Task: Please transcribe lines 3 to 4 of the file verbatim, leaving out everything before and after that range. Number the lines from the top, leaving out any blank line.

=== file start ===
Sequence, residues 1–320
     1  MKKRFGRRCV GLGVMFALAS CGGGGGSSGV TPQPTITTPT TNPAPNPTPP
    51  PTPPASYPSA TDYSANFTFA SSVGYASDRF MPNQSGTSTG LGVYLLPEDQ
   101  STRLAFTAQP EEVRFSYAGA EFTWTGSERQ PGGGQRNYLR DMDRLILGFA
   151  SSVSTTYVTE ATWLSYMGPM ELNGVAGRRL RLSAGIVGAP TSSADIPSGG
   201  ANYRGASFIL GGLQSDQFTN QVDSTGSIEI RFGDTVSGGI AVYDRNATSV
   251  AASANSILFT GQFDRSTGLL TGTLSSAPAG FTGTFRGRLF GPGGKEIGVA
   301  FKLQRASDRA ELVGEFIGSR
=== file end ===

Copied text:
    51  PTPPASYPSA TDYSANFTFA SSVGYASDRF MPNQSGTSTG LGVYLLPEDQ
   101  STRLAFTAQP EEVRFSYAGA EFTWTGSERQ PGGGQRNYLR DMDRLILGFA